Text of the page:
EVER wonder why there's a statue of an Apache Indian mounted on a horse at one of Baguio City's road circles? In early 2008, I was taken in as a peon along with four others in what elders and braves of our group in Baguio refer to as the Apache nation. We were rookies and in order to prove our worth, we needed to abide by the rules of the Apache and gladly, it does not include scalping of enemy heads because there were none.
Apache is the collective term for several culturally related groups of Native Americans originally from the Southwest United States. The Apaches of Baguio does not trace their descendants from far away but the founding members who were into sports like basketball named their team Apache following the heroic exploits of Geronimo, the prominent leader and medicine man from the Bedonkohe band of the notable Apache tribe.
History tells us that in the late 1800s, Geronimo joined other Apaches to carry out numerous raids against Mexican and US military campaigns in the northern Mexico states and southwestern American territories which started with American settlement in Apache lands.
Towards the end of his life, he harbored religious feelings and told the Christian missionaries at a summer camp meeting in 1908 that he wanted to start over, while at the same time telling his tribesmen that he held to the old Apache religion.
During our recent 80th Anniversary program in Baguio, the new peons composed of 3rd generation sons of our elders were able to meet our elders and past chiefs. I actually noticed two of the elders in their walking canes but during our group singing, our song master Atty. Conrado Bueno yanked his stick as we sang our version of the "big black bull that came from the mountain."
When our guest speaker said his piece, one can hear a pin drop when we heard the words...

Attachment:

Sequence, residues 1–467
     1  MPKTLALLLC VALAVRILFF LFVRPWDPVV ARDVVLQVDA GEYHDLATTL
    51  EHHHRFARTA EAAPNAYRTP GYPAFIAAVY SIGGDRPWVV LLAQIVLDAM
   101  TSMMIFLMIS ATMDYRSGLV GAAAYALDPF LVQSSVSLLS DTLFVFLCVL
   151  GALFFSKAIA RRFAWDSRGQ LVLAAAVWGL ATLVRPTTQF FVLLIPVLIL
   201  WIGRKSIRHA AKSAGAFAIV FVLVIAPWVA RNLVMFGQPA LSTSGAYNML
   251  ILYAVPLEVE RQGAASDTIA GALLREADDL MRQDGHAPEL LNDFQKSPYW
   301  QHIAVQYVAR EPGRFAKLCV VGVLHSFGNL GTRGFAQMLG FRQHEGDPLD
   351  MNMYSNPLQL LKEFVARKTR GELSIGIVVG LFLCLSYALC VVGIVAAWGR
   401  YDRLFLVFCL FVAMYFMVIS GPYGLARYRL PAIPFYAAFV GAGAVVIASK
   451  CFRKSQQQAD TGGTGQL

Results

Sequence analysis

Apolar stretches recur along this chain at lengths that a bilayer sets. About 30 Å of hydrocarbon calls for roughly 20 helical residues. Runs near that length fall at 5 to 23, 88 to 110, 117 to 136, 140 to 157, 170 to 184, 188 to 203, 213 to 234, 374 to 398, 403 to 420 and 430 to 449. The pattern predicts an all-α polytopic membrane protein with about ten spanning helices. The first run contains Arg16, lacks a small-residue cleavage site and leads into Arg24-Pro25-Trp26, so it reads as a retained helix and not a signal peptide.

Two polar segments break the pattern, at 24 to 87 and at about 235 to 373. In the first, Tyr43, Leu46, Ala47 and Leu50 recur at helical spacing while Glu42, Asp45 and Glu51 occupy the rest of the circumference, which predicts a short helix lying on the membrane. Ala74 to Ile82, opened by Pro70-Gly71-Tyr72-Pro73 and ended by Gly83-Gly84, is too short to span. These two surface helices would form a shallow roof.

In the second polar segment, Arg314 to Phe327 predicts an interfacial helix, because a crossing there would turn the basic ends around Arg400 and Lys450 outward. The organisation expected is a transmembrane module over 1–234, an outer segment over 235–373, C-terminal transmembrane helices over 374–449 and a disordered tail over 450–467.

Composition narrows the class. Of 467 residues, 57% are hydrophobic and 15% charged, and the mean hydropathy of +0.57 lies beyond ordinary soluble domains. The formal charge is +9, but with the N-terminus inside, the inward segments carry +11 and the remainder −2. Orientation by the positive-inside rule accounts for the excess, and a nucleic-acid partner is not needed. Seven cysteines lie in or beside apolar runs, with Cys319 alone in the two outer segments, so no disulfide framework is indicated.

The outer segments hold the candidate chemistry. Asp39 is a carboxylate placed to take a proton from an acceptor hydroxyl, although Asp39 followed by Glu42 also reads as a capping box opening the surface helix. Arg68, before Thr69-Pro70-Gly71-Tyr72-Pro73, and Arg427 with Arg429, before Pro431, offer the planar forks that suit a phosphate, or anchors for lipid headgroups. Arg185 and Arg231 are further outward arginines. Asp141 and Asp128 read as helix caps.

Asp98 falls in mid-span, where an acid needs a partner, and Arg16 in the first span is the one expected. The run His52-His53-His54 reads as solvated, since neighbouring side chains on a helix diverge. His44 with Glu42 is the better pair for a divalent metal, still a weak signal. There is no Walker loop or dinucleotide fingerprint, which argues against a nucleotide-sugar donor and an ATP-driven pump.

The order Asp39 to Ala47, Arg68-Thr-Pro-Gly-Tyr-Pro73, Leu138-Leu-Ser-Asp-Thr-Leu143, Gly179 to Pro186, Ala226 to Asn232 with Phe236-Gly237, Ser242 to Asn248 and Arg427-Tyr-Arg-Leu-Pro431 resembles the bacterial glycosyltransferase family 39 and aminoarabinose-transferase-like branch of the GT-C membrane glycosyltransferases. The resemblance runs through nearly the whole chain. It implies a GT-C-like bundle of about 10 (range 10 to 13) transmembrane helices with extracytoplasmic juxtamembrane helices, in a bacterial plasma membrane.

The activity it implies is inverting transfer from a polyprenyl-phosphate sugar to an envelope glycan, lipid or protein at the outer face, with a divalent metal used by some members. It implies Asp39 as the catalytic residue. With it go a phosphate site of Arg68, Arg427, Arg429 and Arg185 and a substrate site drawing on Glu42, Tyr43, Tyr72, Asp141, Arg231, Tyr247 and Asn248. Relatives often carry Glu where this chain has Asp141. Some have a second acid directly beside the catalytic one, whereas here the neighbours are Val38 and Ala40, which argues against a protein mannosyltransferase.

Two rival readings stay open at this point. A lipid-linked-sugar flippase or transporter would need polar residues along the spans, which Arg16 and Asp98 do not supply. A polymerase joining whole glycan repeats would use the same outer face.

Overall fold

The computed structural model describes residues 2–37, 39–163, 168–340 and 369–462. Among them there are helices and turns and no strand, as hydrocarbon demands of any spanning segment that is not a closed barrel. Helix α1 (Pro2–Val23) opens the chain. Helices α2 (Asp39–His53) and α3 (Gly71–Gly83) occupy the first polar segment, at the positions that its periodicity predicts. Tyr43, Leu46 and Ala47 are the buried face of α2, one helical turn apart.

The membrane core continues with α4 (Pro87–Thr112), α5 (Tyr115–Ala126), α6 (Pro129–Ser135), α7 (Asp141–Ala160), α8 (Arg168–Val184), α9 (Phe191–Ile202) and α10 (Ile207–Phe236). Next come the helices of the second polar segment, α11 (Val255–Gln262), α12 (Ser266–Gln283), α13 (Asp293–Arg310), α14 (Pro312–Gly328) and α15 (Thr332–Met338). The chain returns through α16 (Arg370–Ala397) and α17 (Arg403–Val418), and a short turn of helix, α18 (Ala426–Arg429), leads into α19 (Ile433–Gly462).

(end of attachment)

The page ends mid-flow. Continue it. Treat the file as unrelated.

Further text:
"I'll not hesitate to give up my life, my career and my ambition to stand up for what is right. For the programs that we are implementing in the city of Baguio, I don't intend to fail." Mayor Benjie Magalong graced our 80th Apache Grand Anniversary and spoke about his 6 point agenda which accordingly is based on good governance.
A former top intelligence officer of the CIDG, Mayor Nagalong also said that aside from the Apache Indians, he found out that together with the Navajo, these native Americans value their family so much which is one of the core values of the group.
Our event was also attended by the pillars of Baguio community to include; civic leaders and professionals of the Apache Nation namely, our current Chief, Angel Agustin, PC Erlindo Tesoro, PC Emeterio Manantan, PC Richard Cariño, Eders, Des Bautista, Benny Carantes, Rene Cortez, Vic Agcaoili, Conrado Bueno, Joseph Rulla, Alex Aquino, Reinaldo Bautista Sr., and other Geronimo Awardees Sonny San Pedro and Ricardo Chan Jr.
If there's one thing that these mixed generation of men from Baguio's past and present are quite familiar with, it's the act of celebrating life with fellowship, fun, food, faith and family.
As we usher the new year, we will again lit a bonfire as part of a tradition that started eighty years ago by the founding members.